Dealers optimistic after early boat show results
MINNEAPOLIS – Despite decreased attendance at several boat shows, boat dealers from across the country are reporting an improved buying mood, translating to an increase in sales compared to last year.
Boating Industry magazine spoke with four dealers, who combined to attend National Marine Manufacturers Association-produced boat shows in Atlanta, Chicago and New York and the Toronto Boat Show produced by Canadian Boat Shows Inc.
“It was amazing, we would sit down an hour into the show and were writing contracts,” said Austin Singleton, owner of Singleton Marine, speaking about his experience at the Atlanta Boat Show.
Singleton said his dealership doubled sales from last year while also slightly increasing margins.
Despite a seven percent decrease in attendance at the Atlanta show, Singleton said a larger number of attendees were ready to buy and put down their deposit at the show.
For Paul Terzian, whose Causeway Marine attended the New York boat show, it was a year where his salespeople spoke to fewer people but a higher percentage of those people were ready to buy. Despite the 10-percent drop in attendance and fewer people entering their booth, Terzian said they matched last year’s sales at the show.
Attendance at the Toronto Boat Show was up five percent this year, and boat sales coincided with that increase, according to Carly Poole from Buckeye Marine, which sold 10 more units in 2012 than the prior year.
Mike Pretasky Jr. of SkipperBud’s said the overall mood of the Chicago Boat Show was greatly improved over 2011 and his company’s sales slightly exceeded their expectations.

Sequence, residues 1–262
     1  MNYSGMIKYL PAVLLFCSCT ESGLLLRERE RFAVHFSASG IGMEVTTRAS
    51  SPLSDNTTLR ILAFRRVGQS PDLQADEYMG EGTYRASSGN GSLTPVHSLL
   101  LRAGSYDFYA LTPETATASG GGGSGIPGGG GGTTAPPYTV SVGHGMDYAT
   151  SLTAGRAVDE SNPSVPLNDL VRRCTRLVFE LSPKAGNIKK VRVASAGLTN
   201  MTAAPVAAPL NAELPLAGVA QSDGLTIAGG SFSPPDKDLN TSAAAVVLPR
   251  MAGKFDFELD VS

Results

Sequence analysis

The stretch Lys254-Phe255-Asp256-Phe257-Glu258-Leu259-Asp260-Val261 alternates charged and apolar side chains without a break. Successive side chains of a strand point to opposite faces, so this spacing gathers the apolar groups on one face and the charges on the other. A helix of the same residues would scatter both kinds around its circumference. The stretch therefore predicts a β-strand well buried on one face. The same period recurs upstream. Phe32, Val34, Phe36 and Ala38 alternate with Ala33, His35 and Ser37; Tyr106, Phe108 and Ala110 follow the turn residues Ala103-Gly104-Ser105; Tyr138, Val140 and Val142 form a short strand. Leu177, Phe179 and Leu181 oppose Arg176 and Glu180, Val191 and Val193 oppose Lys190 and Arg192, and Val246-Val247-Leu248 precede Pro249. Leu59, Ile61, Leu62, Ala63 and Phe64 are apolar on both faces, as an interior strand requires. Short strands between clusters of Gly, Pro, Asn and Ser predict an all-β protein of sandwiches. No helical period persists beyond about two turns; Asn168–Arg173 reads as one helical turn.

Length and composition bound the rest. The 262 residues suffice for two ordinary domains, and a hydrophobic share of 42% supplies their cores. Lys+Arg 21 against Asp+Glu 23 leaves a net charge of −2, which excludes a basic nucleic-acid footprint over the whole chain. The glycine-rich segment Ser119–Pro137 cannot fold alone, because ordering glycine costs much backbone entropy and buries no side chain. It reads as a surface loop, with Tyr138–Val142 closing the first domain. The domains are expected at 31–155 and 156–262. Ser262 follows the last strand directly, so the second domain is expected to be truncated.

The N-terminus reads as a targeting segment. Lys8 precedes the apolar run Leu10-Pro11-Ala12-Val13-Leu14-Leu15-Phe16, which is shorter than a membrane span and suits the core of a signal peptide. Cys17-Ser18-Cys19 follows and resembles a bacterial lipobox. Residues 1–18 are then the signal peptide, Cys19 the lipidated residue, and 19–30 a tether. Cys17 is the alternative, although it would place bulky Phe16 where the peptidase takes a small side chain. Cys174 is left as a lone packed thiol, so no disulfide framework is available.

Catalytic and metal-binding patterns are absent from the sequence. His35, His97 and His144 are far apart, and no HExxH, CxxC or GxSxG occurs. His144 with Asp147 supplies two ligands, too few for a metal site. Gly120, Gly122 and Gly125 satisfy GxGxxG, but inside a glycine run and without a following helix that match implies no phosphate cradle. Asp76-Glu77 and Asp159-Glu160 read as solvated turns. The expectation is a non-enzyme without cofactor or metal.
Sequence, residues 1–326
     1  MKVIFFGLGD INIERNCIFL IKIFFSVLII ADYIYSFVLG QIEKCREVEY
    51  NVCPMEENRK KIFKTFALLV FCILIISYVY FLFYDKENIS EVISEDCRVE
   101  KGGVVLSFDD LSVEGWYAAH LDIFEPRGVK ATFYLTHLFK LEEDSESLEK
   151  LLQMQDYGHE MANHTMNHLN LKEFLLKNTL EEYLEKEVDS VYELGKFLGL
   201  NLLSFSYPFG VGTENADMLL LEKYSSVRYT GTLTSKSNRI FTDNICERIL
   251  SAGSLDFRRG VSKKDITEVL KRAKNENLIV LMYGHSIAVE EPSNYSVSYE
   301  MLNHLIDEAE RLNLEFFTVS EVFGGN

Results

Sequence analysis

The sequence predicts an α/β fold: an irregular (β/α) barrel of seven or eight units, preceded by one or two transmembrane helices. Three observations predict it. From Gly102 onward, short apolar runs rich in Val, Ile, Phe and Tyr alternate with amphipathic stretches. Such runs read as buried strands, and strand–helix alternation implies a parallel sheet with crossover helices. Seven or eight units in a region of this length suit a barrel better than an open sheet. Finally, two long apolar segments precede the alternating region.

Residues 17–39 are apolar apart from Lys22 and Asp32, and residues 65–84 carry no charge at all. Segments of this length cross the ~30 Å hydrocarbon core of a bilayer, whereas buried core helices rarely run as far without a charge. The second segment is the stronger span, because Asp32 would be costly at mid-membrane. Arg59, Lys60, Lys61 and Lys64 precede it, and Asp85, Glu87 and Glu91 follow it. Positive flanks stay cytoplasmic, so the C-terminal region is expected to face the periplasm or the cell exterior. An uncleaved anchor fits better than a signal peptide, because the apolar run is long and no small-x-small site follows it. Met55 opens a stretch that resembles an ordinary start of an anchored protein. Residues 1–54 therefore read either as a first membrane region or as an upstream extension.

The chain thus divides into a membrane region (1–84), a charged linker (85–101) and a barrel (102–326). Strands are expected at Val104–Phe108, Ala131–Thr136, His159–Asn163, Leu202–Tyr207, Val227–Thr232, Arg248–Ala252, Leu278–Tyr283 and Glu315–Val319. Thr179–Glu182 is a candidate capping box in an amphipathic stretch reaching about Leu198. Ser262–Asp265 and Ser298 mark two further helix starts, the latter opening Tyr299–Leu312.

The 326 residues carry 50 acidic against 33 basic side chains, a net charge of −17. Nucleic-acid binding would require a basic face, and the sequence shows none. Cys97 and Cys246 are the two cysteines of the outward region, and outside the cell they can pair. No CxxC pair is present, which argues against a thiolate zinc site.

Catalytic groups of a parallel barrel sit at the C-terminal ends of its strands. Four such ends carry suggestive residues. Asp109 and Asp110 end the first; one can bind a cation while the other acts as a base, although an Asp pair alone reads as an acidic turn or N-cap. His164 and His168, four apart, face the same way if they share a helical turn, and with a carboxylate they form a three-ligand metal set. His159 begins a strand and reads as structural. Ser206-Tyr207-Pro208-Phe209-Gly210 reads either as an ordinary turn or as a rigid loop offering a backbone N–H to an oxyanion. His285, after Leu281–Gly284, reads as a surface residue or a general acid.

“Overall everybody was really upbeat, especially the customer base, and we were able to sell some boats,” Pretasky Jr. said.
Both Buckeye and Singleton reported seeing the entry-level buyers return to the shows. Singleton estimated 35 percent of their boat sales were to new buyers, while Poole said Buckeye was doing more educating than normal at their booth – something she welcomes.
“We had people coming into our MasterCraft booth and saying ‘what is that metal thing on top of the boat,’” Poole said.
Poole also noticed a demographic change at the Toronto Boat Show, where a much larger Asian population attended – a possible result of a marketing campaign by the boat show to appeal to new ethnic groups, according to Poole.
Terzian said the trend of eager, new buyers was not nearly as apparent at the New York Boat Show, where Causeway Marine collected only a fraction of the leads captured last year. Terzian worries external factors like gas and Washington politics are affecting demand.
“Since the show, I have become concerned about the ridiculous price of gas potentially bringing sales to a screeching halt,” he said.
As far as the performance of individual segments, Singleton was especially pleased with the return of demand for his larger cruiser boats and big bowriders, as well as their entry-level line.
“It was the entry-level and cruiser-type market that went away. It was really refreshing to see them come back. People were willing to write those deals and give those 10-percent deposits,” Singleton said.
Poole said Buckeye also experienced increased entry-level sales over the prior year, while both Poole and Terzian saw the increased interest in pontoons continue at their 2012 shows.